Building Our Classroom
with Mrs. Vaage's Grade
Each year our school
administration chooses a story for our staff to use as inspiration
and professional growth. The story for this year was "I Wish I Was a
Butterfly" by ... This incredible story is about a cricket who feels
very ugly because he believe what the frog at the edge of the pond
had told him. It wasn't until his friend, the spider, showed him
that he was beautiful to him because of their friendship.
I chose to use this story to
introduce community building for my own classroom. I created a
display on our prayer table with the book, a vase with symbols for
all of the story characters, and a pond made from a blue Pyrex pie
plate with green grass surrounding it.
We read the story, then created a
circle with the pond in the center. Each child selected a stone to
represent him/her, wrote their name on it, and placed it in the
pond. We noticed that every time one new stone entered, it bumped
and touched others. We have used this metaphor so many times this
year to have a visual of "whatever we do affects others." If we say
hurtful thing, we hurt the entire class. If we say caring and loving
things, we improve our entire class.
Following is an
example of how this was used to center our class meetings when any
issues needed addressing.
was Chinese New Year's, but because we were immersed in space study,
I chose not to focus any learning activities for this holiday. Our
class was doing spelling, practicing writing "oy" chunk words, like
boy, toy, and so on. The adjacent kindergarten class came in with
their dragon dance and to wish us a Happy Chinese New Year! I wished
them 'Gung Hei Fat Choy' in return. After they left, we continued
with our spelling, and I added the word "choy" like in Happy New
Year's in Chinese.
One child interjected, "Hey, we
should write it in Chinese characters" and I replied that I had the
materials in a prop box and could do it, but that we would not do it
on this particular day. "Perhaps some other day, " I said.
Three children started to "Boo-oo,"
so I called for a class meeting. We placed the pond in the center
and I asked the children to tell me why I had called the meeting.
The usual answers came up - too noisy, not listening, but then one
child said, "It was because of the boo-ooing."
I showed them my rock in the pond,
and pushed at some of the outlying rocks, which made them all
shuffle and bump into each other. I asked them to tell me if they
noticed what happened to my rock. They all saw that it had moved and
bumped into others. So I asked if it was safe for me to do my job?
Or was it safe for others for learning? The children understood the
impact of their impulsive action.
One child, A., offered to say a
prayer. "I pray that our class can be the best we can be, that we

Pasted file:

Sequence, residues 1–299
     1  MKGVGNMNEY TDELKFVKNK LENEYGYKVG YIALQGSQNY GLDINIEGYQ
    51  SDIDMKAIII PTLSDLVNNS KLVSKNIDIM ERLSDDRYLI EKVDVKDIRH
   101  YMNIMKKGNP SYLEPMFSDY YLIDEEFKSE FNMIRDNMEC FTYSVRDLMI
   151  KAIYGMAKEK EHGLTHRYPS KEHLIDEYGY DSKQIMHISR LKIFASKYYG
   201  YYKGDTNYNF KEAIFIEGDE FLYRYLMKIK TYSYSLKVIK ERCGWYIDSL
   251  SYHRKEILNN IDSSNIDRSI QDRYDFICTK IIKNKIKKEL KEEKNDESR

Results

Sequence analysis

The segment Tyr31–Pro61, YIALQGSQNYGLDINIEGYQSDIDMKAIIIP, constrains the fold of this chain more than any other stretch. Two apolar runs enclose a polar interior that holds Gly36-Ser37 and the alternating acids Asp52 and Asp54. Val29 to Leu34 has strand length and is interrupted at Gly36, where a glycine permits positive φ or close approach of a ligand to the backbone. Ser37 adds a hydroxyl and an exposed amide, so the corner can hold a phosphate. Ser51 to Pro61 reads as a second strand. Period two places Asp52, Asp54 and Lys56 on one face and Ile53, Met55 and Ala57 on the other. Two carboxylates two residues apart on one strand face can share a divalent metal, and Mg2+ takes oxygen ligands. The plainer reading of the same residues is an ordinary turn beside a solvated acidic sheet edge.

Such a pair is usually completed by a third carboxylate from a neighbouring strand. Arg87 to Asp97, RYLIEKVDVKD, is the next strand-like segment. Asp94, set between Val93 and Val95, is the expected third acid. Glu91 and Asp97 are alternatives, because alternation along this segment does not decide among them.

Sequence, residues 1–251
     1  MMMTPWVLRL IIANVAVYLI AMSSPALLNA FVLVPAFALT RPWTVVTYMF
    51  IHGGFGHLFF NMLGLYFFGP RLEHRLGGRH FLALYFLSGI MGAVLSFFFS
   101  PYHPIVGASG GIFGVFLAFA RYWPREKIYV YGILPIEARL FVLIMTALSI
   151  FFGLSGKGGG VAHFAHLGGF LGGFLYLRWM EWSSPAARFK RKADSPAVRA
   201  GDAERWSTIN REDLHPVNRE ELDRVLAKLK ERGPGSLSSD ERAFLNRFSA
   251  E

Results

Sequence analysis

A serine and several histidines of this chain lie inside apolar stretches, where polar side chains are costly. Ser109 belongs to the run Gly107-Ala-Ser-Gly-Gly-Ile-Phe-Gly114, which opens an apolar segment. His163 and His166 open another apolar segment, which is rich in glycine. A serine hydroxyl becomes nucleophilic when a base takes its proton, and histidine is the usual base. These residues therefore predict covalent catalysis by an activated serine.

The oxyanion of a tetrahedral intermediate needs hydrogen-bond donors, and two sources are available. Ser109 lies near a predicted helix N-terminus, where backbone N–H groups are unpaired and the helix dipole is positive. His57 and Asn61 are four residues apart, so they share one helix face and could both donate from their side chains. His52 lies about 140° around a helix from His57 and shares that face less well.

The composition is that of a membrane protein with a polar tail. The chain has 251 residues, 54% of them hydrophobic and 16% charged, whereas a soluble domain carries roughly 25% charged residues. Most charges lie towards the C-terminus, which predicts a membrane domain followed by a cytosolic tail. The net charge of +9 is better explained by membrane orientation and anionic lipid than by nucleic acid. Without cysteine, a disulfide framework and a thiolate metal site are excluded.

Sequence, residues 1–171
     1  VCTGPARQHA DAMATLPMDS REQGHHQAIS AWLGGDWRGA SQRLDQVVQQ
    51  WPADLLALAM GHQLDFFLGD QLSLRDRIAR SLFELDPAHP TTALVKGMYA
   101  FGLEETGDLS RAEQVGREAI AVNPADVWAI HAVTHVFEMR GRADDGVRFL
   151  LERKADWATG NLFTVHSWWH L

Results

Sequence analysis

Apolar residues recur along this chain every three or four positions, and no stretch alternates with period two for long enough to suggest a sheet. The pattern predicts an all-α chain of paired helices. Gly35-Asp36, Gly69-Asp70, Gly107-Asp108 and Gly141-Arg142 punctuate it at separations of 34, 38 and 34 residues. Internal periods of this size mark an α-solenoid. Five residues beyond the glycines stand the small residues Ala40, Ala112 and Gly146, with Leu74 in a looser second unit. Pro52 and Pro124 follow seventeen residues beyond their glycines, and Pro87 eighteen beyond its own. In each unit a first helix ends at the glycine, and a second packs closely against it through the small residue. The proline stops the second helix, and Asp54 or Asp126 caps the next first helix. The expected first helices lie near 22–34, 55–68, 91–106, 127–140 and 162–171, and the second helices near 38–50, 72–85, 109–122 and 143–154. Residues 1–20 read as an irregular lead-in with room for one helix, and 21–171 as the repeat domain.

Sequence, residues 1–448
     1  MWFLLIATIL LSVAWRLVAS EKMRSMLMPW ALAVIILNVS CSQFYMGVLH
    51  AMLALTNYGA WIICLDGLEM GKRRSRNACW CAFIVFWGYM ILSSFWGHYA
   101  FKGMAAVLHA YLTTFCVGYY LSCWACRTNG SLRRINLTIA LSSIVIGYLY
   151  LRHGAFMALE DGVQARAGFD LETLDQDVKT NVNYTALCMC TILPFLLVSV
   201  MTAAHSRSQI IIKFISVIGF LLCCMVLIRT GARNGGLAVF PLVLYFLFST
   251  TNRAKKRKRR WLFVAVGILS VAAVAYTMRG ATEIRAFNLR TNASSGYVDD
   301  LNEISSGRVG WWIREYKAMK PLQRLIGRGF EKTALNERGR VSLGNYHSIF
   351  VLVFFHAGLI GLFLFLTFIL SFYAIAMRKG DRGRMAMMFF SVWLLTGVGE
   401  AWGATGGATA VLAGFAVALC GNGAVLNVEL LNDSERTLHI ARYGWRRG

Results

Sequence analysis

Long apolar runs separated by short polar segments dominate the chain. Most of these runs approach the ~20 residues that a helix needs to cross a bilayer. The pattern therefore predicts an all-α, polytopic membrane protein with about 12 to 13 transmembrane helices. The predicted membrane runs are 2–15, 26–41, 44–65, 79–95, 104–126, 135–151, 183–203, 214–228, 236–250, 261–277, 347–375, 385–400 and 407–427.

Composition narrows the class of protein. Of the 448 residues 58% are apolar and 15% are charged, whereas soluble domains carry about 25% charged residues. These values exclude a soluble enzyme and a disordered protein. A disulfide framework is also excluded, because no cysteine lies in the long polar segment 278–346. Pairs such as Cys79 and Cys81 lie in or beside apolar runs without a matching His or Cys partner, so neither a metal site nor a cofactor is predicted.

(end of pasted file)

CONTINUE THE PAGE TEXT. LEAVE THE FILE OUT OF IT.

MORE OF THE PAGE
will all try our hardest, so we can learn."
Another, the initiator of the boo-ooing,
also offered a spontaneous prayer, "I pray that we care for and love
each other, to help us all to be the best we can be."
This metaphor is so strong and so
visual, that it is perfect to illustrate complex and abstract
concepts very simply. Kids get it. Every meeting we have, they
understand to deeper and deeper levels. They also have come to
understand that the frog had been marginalized - their word is
"bumped out" because he had been hurt by someone else before. They
recognize and have used words like "swamp" or "muddy" because our
pond is not as balanced as it could be. Our life lessons refer back
to the pond every single time - the children understand with their
intuitive and spiritual natures how it should be - that we should
all be trying for our best to improve our class, our world.
Involving Children in Choosing our
Topics of Study
Over the past many
years I have come to realize that when children have a voice in
their topics of study, they apply more effort and are more keen and
involved. Following is our initial brainstorming of things that the
children "wanted to learn" before Grade 1 was over.
It seems a dilemma of
controversial pulls - do we teach the curriculum or do we follow the
children's interests and cover the curriculum through these topics.
But in actuality, if the children follow their own interests, they
also become more engaged learners for all topics. They always cover
the curriculum in addition to having a wonderful, extended learning
adventure. For this class, the main topic of interest ended up being
Space. We have been covering this all year long, and the passion for
learning is incredible. We have diverted to cover other timely
topics, but this has been our main study, and cohesive bond.
Guidelines for Behavior
If children are
involved in helping create guidelines for behavior, they are more
likely to have ownership for them. I always share my philosophy for
creating an optimal learning environment. "It has to be safe for
your body, safe for your heart (feelings), and safe for learning."
How the children interpret this came out with the following
We did not rewrite
these statements, to make it look "pretty" because it is a living
document. We have gone back to it several times to ask if anything
needs to be added or changed, so children understand that sometimes
statements need to be brought up to date.
We have a standard song that we use to welcome anyone into our
class. After the first week or so of introducing it to the children,
they are now the conscientious ones to welcome newcomers. "Mrs.
Vaage, don't forget the Welcome Song!" are the words I hear now. The
words are to the tune of Skip to My Lou.
..., come on in,
Welcome, Mrs. ..., come on in,
Welcome, Mrs. ..., come on in,
We're so glad you're here.